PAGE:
"You must not be afraid, mother, that they will have a quarrel, because the rector is with them," Kurt said consolingly.

Now rapid steps sounded outside, the door was violently flung open and Bruno appeared, pale with rage: "Those two mean creatures, those malicious rascals; the sneaky hypocrites!--the--the--"

"Bruno, no more please," the mother interrupted. "You are beside yourself. Come sit down with us and tell us what happened as soon as you feel more quiet; but no more such words, please."

It took a considerable time before Bruno could tell his experience without breaking out again. He told them finally that the rector had mentioned the castle of High Ems in their lessons that day. After asking his pupils if they had ever inspected the famous ruins they had all said no, so the rector invited the three big boys to join him in a walk to see the castle. It was quite a distance away and they had examined the ruins very thoroughly. Afterwards the rector had taken them to a neighboring inn for a treat, so that it was dark already when they were walking down the village street. "Just where the footpath, which comes from the large farmhouse crosses the road," Bruno continued, "Loneli came running along with a full milk-bottle in her arm. That scoundrel Edwin quickly put out his foot in front of her and Loneli fell down her whole length; the milk bottle flew far off and the milk poured down the road like a small white stream. The boys nearly choked with laughter and all I was able to do was to give Edwin a sound box on the ear," Bruno concluded, nearly boiling with rage. "Such a coward! He ran right off after the Rector, who had gone ahead and had not seen it. Loneli went silently away, crying to herself. I'd like to have taken hold of both of them and given them proper--"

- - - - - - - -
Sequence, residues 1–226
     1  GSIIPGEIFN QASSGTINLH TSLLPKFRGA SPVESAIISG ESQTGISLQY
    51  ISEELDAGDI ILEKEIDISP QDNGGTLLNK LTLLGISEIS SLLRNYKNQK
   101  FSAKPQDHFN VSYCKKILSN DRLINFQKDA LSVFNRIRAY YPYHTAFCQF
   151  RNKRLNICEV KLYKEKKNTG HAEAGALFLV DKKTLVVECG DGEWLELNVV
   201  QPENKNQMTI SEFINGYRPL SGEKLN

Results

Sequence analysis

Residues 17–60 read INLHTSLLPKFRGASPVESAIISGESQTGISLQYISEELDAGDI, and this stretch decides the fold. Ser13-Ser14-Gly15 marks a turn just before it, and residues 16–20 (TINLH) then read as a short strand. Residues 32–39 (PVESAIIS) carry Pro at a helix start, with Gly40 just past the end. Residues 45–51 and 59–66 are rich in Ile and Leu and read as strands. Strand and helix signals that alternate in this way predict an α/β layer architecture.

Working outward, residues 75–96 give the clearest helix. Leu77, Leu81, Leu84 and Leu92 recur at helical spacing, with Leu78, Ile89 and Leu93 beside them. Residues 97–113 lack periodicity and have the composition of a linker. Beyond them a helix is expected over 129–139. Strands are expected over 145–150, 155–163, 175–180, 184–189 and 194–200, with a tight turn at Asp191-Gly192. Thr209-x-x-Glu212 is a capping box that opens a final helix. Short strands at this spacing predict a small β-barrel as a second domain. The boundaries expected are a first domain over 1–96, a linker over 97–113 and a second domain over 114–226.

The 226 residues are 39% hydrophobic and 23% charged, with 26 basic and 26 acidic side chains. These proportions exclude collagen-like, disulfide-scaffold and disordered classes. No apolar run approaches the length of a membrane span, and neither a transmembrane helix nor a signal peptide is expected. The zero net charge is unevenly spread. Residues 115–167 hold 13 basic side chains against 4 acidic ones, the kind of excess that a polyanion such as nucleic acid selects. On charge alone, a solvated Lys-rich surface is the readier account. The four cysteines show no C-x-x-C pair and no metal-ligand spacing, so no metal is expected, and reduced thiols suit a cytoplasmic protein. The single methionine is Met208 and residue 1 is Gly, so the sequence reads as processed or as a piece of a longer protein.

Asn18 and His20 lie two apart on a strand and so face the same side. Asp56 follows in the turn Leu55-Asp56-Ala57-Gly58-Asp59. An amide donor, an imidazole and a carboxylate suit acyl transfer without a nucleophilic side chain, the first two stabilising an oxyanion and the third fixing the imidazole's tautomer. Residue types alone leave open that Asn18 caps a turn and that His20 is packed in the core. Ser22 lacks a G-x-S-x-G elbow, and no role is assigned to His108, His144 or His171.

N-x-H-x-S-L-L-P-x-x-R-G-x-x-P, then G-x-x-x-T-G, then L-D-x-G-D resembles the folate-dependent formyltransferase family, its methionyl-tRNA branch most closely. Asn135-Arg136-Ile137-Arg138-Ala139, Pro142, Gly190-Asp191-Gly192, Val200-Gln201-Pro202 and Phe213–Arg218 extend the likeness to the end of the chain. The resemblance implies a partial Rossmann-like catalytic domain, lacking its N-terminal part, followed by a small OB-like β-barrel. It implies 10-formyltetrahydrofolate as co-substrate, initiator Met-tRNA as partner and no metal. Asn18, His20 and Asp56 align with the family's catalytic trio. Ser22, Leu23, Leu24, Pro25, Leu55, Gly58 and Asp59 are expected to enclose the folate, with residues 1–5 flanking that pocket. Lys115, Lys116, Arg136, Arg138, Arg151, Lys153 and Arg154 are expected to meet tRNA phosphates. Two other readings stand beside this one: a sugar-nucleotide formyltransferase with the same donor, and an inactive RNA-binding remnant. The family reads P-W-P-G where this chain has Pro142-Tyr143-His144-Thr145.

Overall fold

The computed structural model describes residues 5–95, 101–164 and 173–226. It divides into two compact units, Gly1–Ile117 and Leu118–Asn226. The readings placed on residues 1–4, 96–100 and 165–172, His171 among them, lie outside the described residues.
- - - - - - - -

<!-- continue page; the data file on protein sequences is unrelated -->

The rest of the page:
"Yes, and Loneli is sure to be scolded by her grandmother for having spilled the milk," Mea interrupted; "she always thinks that Loneli is careless and that it is always her own fault when somebody harms her. She is always punished for the slightest little fault."

"But she never defends herself," Kurt said, half in anger, partly with pity. "If those two ever tried to harm Clevi, they would soon get their faces scratched; Apollonie has brought Loneli up the wrong way."

"Should you like to see Loneli jump at a boy's face and scratch it, Kurt?" asked the mother.

After meditating a while Kurt replied, "I guess I really shouldn't."

"Don't you all like Loneli because she never gets rough and always is friendly, obliging and cheerful? Her grandmother really loves her very much; but she is a very honest woman and worries about the child just because she is anxious to bring her up well. I should be extremely sorry if she scolded Loneli in the first excitement about the spilled milk. The boys should have gotten the blame, and I am sure that Apollonie will be sorry if she hears later on what really happened."

"I'll quickly run over and tell her about it," Kurt suggested. The mother explained to him, however, that grandmother and grandchild were probably fast asleep by that time.

"Are we going to have the story of Castle Wildenstein for a finish now?" he inquired. But his mother had already risen, pointing to the wall clock, and Kurt saw that the usual time for going to bed had passed. As the following day was a Sunday, he was satisfied. They generally had quiet evenings then and there would be no interruptions to the story. Bruno, too, had now calmed down. It had softened him that his mother had found the Knippel boys' behaviour contemptible and that she had not excused them in the least. He might have told the Rector about it, but such accusations he despised. He felt quite appeased since his mother had shared his indignation and knew about the matter. Soon the house lay peacefully slumbering under the fragrant apple trees. The golden moon above was going her way and seemed to look down with friendly eyes, as if she was gratified that the house, which was filled all day with such noise and lively movement, was standing there so calm and peaceful.